deprived of things, and the memory of things deprived of people .... Everything ends in one minute. Things die like we do, but they are not buried with us. 

Mahmoud Darwish (1941-2008): Murdered Houses, 2006, from The Trace of The Butterfly, 2008, translated from the Arabic by Tania Nasir and John Berger



Israeli bulldozers demolished the house of Majdi Abu al-Haija in #Jenin camp at dawn today: image via Palestine Social @Palestine Social, 31 August 2015 


This is not Gaza, This is #Jenin The same destruction, the same destroyer, and also the same victim!: image via Mhmmd Abu Oweimer @vic2pal, 1 September 2015


Israeli bulldozers demolished the house of Majdi Abu al-Haija in #Jenin camp at dawn today: image via Palestine Social @Palestine Social, 31 August 2015

Jenin Now
 

 #Jenin now... More of Israeli Forces storming the camp ..: image via Said Shoaib / Gaza @saidshouib, 31 August 2015
 

#Israeli Occupation soldiers while storming #Jenin camp shortly before ... #WestBank #Palestine: image via Said Shoaib / Gaza @saidshouib, 31 August 2015
 

Currently happening in #Jenin Resist to Exist!!: image via Abbs Winston @Abbs Winston, 31 August 2015
 

Currently happening in #Jenin Resist to Exist!!: image via Abbs Winston @Abbs Winston, 31 August 2015
 

From #Jenin now...: image via Said Shoaib / Gaza @saidshouib, 31 August 2015
 

#WestBank:  Palestinian youths burning an Israeli army bulldozer during clashes with IOF in #Jenin tonight: image via syndicalist @syndicalisms, 31 August 2015
 

Currently happening in #Jenin Resist to Exist!!: image via Abbs Winston @Abbs Winston, 31 August 2015
 

Currently happening in #Jenin Resist to Exist!!: image via Abbs Winston @Abbs Winston, 31 August 2015
 

#BREAKING | Several suffocated after Israeli Forces fired gas bombs at "Oweis" family home in #Jenin .. : image via Said Shoaib / Gaza @saidshouib, 31 August 2015
 

@JaneVoter @rk70534 @heavyde65 #Jenin tonight: image via nessreen @nzayed07, 31 August 2015



#Jenin now...
More of Israeli Forces storming the camp ..: image via Said Shoaib / Gaza @saidshouib, 31 August 2015


Israel aggression on Palestinian city during the night #jenin_under_attack #JeninResists: image via nessreen @nzayed07, 31 August 2015

10 comments:

TC said...

NABI SALEH 28.8.2015: Abu Yazan

TC said...

Well, what do you know. A half million viewers must have been a few more than could be safely squeezed into YouTube's terms of service.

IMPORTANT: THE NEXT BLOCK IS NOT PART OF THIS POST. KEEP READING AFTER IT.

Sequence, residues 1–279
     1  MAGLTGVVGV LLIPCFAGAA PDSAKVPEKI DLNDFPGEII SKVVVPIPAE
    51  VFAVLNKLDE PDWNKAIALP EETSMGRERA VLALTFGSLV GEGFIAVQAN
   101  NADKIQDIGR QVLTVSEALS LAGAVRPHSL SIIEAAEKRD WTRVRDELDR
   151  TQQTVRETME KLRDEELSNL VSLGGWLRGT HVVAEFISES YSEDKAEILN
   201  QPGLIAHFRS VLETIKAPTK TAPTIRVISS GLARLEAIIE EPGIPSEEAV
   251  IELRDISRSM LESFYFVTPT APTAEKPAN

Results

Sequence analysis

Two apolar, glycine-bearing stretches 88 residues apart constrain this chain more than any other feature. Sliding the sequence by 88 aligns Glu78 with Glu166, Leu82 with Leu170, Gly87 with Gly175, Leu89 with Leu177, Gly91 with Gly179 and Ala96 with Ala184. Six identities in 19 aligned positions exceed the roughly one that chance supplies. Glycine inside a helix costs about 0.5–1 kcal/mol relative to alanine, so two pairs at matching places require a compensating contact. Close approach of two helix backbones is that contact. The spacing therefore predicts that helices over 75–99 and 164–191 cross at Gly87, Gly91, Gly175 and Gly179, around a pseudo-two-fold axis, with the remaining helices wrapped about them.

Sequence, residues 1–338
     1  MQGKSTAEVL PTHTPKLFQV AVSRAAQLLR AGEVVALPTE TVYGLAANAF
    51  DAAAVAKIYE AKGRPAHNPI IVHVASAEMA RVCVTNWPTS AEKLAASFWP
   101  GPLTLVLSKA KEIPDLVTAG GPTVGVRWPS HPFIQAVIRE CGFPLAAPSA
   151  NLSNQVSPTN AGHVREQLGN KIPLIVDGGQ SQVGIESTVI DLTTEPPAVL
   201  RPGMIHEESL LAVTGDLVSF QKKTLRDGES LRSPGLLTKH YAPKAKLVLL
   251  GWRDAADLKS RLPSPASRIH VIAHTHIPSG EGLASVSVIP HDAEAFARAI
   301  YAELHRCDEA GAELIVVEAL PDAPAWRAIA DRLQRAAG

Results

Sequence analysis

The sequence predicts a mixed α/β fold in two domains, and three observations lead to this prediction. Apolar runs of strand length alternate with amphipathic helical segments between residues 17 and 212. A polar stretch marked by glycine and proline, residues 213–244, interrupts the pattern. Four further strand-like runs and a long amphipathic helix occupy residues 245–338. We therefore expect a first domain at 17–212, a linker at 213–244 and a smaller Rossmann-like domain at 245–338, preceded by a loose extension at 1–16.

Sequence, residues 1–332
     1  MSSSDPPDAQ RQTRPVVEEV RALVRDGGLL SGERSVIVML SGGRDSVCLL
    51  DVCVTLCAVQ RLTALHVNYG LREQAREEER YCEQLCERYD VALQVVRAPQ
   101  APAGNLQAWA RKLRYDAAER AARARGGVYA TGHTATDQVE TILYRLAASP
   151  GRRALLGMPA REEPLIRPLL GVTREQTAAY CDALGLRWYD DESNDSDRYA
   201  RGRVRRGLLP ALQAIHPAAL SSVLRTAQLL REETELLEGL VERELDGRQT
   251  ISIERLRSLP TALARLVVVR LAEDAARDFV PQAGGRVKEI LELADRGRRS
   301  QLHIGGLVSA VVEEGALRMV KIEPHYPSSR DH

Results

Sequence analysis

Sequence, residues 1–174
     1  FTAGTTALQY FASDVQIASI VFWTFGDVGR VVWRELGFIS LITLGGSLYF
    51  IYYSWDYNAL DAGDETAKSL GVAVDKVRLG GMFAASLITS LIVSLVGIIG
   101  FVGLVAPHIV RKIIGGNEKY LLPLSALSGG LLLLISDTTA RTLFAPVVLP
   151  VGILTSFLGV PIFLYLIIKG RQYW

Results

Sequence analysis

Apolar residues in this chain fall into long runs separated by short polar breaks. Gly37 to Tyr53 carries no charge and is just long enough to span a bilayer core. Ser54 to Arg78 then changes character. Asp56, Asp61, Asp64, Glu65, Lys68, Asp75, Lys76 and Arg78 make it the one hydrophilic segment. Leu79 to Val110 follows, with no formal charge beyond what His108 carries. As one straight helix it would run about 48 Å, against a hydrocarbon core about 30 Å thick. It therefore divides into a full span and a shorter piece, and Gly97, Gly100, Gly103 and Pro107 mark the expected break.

"This platform is temporary"

TC said...

Yes, well, this is Now, and so it took about ten minutes for somebody to repost that video from Nabi Saleh...

The Israelis don't want this seen.

A lot of cops and bullies all round the lot would prefer a lot of videos that have been seen lately to magically revert to nonexistence, like the genie who was sucked back into the bottle.

If they don't want to be in the movie, why do they keep making the same movie, and starring in it, over and over?

Lots of luck with escaping the capture, any more.

Every Friday in Nabu Saleh...

TC said...

Thanks to Duncan and Terry for taking the time to look at the three and a half minute video of the incident involving the IDF soldier and the small boy with the broken wrist in Nabi Saleh. It was made by another, even younger child of the same defiant family, Abu Yazan, with video equipment which, like all the video equipment used by members of the family to document events in their village, came from Israel.

The intervention by his loyal sister, aunt and mother that extricated the Tamimi boy from the soldier's chokehold was part of a long history for the family, still ongoing. The paterfamilias, Bassem Tamimi, has for some time been a charismatic figure in the Palestinian resistance struggle in the West Bank. Bassem himself, after seven periods of imprisonment on charges of "incitement", translating into some four years' jail time, is now prevented by the terms of his release from attending the weekly peaceful protests in his village -- which occur under the ever growing shadow cast by the adjacent settler colony of Halamish.